Everyone is a hero in their own story. While some tell their story to evoke pity and others admiration, we all mitigate our sins to ourselves. We all make excuses for ourselves and seek forgiveness for our worst blunders. “If you only knew what it was like,” we say, and we are quite right to say it. None of us knows anyone better than ourselves. We know how hard we try. We know how often we fail. Despite this knowledge and the free gift that God offers of his own righteousness, we remain unwilling to acknowledge before him just how much we need what he has. To do so, we would have to admit we were wrong.

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Where is Heaven?

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The languages of the Bible do not distinguish between “heaven” and “sky.” The sky was an unreachable expanse with lights moving in it, with clouds that watered the earth. Only birds and certain insects could travel there. Perhaps it was natural to assign it as the abode of God and to people it with winged beings—cherubim and seraphim, the angels who make up the armies of God. At some point, however, the meanings of sky as the expanse above our heads and heaven as God’s home turf began to diverge. By the time Jesus appeared, no one who heard him announce that “the kingdom of heaven is at hand” thought he was talking about the sky.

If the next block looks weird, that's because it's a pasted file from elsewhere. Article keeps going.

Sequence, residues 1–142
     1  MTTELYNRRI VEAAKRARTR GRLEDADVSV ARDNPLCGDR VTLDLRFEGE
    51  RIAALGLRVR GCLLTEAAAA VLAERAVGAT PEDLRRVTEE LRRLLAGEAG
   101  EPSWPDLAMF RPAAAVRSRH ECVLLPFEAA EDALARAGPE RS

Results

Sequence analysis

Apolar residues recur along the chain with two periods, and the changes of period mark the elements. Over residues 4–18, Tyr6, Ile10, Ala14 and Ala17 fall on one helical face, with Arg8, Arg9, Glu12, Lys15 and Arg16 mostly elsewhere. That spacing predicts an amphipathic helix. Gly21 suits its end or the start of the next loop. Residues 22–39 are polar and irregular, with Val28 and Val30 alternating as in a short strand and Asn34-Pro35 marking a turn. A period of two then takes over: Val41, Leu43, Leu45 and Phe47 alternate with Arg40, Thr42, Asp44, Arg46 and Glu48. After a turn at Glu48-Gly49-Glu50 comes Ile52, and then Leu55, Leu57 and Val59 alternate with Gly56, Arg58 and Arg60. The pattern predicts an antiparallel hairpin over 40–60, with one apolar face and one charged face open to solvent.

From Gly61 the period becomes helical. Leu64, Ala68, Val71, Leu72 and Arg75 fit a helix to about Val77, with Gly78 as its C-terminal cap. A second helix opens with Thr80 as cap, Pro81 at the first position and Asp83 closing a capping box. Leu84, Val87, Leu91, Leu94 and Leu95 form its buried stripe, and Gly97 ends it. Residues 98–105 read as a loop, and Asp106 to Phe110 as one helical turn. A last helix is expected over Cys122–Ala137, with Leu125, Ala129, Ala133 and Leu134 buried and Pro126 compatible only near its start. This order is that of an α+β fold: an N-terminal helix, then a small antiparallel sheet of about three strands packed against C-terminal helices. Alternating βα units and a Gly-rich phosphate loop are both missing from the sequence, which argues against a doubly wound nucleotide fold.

Nevertheless, the idea of heaven as a place in the sky persists. In cartoons that show good people after death, we see them dressed in white and sitting on clouds, often with wings like the angels. God and his throne are always “up there,” and many people still refer to heaven as a place where the dead who have lived a good life go to remain in some sense alive through all eternity.

To the ancients, the sky was unreachable but not limitless the way we now regard space11 Of course, there is some dispute about whether space is infinite. We are told that the universe is expanding, but it is not clear whether the emptiness that it is expanding into exists as anything definable. Compared to modern conceptions of space, the ancient heavens were relatively cozy, near enough to be seen, an abode of invisible beings just beyond our grasp. Within my own lifetime, space has become unimaginably vaster and older. I remember as a child learning that the universe was 7 billion years old. Now it is more than 13 billion. New technologies seem to push the edges of the universe ever outward. It’s little wonder we feel lost and insignificant in such vastness. If heaven is simply up from earth, it includes such immensity that we can’t begin to understand the sheer scale of it. Current estimates put the actual size of the universe at 93 billion light-years across, most of it so distant that its light will never reach earth. It will be forever beyond our ken unless we discover some means of traveling faster than light without relativistic aging22 See, for example, Randall Munroe’s How To: Absurd Scientific Advice for Common Real-world Problems.